The Boxing Day ride, a time to reflect (and probably time to take the tinsel off the bike...!)
Pascal here. COVID or no COVID, the Boxing Day ride is always an opportunity to reflect, after what is inevitably a hectic few days in the run up to Christmas itself. Those days are generally a blur of posting Christmas cards (old school, I know!), stock piling port and negotiating Christmas parties. The latter has clearly been more straightforward this year, with all social gatherings being via Zoom – I am so, so over Zoom.
With Christmas Day over and done with, Boxing Day is the first opportunity to get on the bike and think about something other than festive preparations. I always use it as a time to reflect on recent weeks, and begin to refocus the mind on what lies ahead. This year, my Boxing Day ride took place in Devon, taking in Dartmoor more specifically. Dartmoor is a fantastic place, both Dan and I have undertaken much of our military training here, we know it well – it is definitely not flat! The vast majority of my 2020 riding has been in and around London, which is generally very flat. You can probably guess how this panned out…..To set the scene, the first 15 miles of my Boxing Day ride this year involved climbing up 2000 ft of elevation, into a brisk wind. As a result, for the entire first hour, my mind could think of nothing other than, ‘I really wish I had an electric bike rather than having to pedal up never ending hills; I should buy one. In fact, think how much easier riding across America would be if I had an electric bike! I wouldn’t even have to tell Dan, just arrive in San Diego with said electric bike and zoom up and over the Rockies at a constant 25 mph…’ By the end of that hour, I had decided that I was willing to pay several thousand pounds for such a bike.
Quite some time later, given my inability to ride up hills very quickly, I summitted onto the main plateau of Dartmoor. Whilst the wind continued to do its best to topple me and my bike over, the visibility was epic, I could see for 30 miles in every direction – including beyond Plymouth and Torquay, out into the English Channel. I have no scientific evidence to back this up, but I’m sure being able to see for miles somehow cleanses the mind of all the nonsense that can build up within it, it seems to bring a clarity of thought that is far harder to achieve in a busy, urban setting. That might just be me!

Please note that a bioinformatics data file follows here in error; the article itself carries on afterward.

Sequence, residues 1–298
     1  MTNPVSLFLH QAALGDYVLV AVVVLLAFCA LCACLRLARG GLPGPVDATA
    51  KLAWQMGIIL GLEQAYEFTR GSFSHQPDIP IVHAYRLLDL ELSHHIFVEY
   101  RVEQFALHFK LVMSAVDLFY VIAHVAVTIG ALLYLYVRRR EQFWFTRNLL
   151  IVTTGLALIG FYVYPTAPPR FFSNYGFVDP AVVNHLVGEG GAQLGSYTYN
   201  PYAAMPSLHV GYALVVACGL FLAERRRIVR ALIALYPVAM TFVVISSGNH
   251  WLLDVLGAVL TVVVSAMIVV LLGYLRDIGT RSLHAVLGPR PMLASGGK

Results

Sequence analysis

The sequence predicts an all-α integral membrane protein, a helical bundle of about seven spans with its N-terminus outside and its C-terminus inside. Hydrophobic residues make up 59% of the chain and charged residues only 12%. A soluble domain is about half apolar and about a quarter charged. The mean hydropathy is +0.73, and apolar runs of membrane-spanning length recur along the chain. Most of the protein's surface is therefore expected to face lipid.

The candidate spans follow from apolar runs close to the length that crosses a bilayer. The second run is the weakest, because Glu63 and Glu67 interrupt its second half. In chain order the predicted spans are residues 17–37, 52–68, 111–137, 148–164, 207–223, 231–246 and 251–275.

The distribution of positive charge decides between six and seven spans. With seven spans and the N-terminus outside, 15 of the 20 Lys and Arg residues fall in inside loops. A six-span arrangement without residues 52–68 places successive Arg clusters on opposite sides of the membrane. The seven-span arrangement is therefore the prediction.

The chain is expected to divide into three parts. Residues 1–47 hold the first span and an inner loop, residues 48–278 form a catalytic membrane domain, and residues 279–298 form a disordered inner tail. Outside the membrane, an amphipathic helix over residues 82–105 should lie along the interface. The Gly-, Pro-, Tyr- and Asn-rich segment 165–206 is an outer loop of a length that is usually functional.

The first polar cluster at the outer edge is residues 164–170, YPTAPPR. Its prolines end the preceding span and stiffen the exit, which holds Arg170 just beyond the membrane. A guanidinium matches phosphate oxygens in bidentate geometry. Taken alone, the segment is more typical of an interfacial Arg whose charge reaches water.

Given the lack of interweb coverage up on Dartmoor, I had to temporarily (and reluctantly) delay the purchase of my electric bike, and instead get on with some more leg powered push biking. And what a ride it was! Rolling through the stunning Devon countryside, whizzing along country lanes and shouting ‘good morning’ to basically everyone I saw. Fuelled by my strict chocolate santa carb loading diet strategy of recent days, the second half of the ride flew by (in reality, this was likely due to the 20 mph tail wind and downhill aspect!).
The lack of significant pedalling effort required during the second half of the ride allowed my mind to start properly considering what lies ahead for us in the coming weeks. After a low volume week last week (pre-agreed with expedition physical trainer Tim, rather than us just slacking off), the mileage picks up again from here, aiming for a weekly average of 200-250 miles for the foreseeable future. We have also been instructed to complete a longer ride prior to New Years, which for us translates to 150+ miles in one sitting. This has resulted in us both constantly checking the 10 day weather forecast, so that we can pinpoint in advance a day on which it isn’t due to rain for 12 hours solid – that really is to be avoided! Dan does most of his training in Cornwall, which in winter generally means rain and him getting wet. This always lifts my spirits, as by the time these same weather systems reach London (where most of my own riding takes place) they are generally drier – it’s a real win-win situation for me, less so for Dan!
Looking slightly further ahead, we have our first fitness assessment day on 22 Jan, due to take place at the Institute of Naval Medicine (INM), in Portsmouth. Under the watchful eye of the expedition doctor and sports scientists, we will have our current fitness levels assessed, along with fat (uh oh!) and muscle mass measured. These results will then be passed to our expedition physical trainer and dietitian, who will make the necessary adjustments to our training and diet plans respectively, as required. If I was a betting man, I suspect the theme will be, ‘please stop eating chocolate santas, get better at cycling up hills, and do not buy an electric bike’. However, I’m not the qualified professional, so fingers crossed I get the green light for the electric bike – it would instantly improve my hill climbing ability, just saying….
Christmas successfully negotiated, and with a little over 6 months to go before our expedition starts, training really picks up from here on in.